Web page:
Planetary Radio • Jun 07, 2016
Chris McKay, Larry Niven and Andy Weir at the Contact Conference
On This Episode
Senior Scientist for NASA Ames Research Center
Science Fiction Writer
Author of The Martian and Project Hail Mary
Space art and science fiction joined science fact at the 2016 Contact Conference in Sunnyvale, California. We talk with three well-known visionaries. Emily Lakdawalla tells us what to expect in planetary science this month. Bill Nye discusses independent plans by SpaceX and Lockheed Martin for getting humans to Mars in the 2020s. Bruce Betts and Mat Kaplan are just wild about Mars and Jupiter.
- Contact—Cultures of the Imagination
- What’s Up in the Solar System, June 2016 Edition
- What NASA Can Learn From SpaceX (Red Dragon)
- Lockheed Proposes to have Humans Orbiting Mars by 2028
- Offworld Trading Company, the new, beautiful and engaging economic strategy game set on Mars
- Planetary Radio Space Policy Edition
This week's prizes are a Planetary Radio t-shirt, a Planetary Society rubber asteroid and a 200-point iTelescope.net astronomy account.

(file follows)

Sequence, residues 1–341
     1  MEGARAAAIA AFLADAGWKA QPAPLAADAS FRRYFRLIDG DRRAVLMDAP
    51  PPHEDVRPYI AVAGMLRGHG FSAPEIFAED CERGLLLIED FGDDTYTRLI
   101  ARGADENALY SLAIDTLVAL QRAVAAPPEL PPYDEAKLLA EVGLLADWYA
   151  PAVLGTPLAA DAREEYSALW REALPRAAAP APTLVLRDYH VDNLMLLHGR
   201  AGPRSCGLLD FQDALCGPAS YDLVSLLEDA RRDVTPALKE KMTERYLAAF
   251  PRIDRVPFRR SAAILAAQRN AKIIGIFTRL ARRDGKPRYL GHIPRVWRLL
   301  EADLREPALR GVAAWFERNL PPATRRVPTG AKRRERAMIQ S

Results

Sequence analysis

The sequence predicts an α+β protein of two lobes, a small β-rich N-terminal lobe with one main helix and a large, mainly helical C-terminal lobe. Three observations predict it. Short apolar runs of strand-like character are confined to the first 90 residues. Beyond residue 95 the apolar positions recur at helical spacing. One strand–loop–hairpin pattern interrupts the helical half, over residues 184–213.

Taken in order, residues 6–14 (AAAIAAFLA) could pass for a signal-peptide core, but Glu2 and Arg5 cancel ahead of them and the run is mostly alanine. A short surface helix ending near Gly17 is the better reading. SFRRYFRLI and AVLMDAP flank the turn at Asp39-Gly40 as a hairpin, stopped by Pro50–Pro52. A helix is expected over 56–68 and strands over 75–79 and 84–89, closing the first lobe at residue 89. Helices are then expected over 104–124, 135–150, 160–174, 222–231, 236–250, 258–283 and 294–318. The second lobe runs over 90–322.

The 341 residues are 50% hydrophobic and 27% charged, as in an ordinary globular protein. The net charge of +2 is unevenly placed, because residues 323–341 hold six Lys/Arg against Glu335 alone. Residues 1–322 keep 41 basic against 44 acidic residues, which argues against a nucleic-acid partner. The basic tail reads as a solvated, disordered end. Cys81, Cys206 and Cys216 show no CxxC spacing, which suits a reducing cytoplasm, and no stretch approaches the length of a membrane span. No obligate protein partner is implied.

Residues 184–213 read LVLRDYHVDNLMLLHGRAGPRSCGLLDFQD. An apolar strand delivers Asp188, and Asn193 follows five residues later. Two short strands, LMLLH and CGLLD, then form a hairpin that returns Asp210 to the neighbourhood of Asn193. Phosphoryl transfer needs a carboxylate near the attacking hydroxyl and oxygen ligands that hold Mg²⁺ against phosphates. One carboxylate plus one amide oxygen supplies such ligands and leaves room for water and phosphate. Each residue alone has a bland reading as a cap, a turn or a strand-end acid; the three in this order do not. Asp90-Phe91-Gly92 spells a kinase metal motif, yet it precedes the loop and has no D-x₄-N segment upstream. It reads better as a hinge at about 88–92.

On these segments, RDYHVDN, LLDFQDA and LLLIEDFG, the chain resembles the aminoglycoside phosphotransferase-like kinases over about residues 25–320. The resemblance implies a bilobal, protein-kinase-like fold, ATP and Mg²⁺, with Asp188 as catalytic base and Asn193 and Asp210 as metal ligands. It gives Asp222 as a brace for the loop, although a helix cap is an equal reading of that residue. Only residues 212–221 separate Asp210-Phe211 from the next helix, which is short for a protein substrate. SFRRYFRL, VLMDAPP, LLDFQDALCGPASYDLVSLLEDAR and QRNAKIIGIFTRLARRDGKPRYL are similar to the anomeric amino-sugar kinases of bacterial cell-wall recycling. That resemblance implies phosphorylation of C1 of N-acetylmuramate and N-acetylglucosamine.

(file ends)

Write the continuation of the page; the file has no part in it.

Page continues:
This week's question:
How many NASA field centers are named after former astronauts?
To submit your answer:
Complete the contest entry form at http://planetary.org/radiocontest or write to us at [email protected] no later than Tuesday, June 14th at 8am Pacific Time. Be sure to include your name and mailing address.
Last week's question:
During the current closest approach, how big is the disc of Mars as seen from Earth as measured in arc-seconds?
The answer will be revealed next week.
Question from the week before:
As seen from above Jupiter north pole, does the Great Red Spot travel clockwise or counterclockwise?
As seen from above Jupiter’s north pole (if that were possible) the Great Red Spot moves counterclockwise.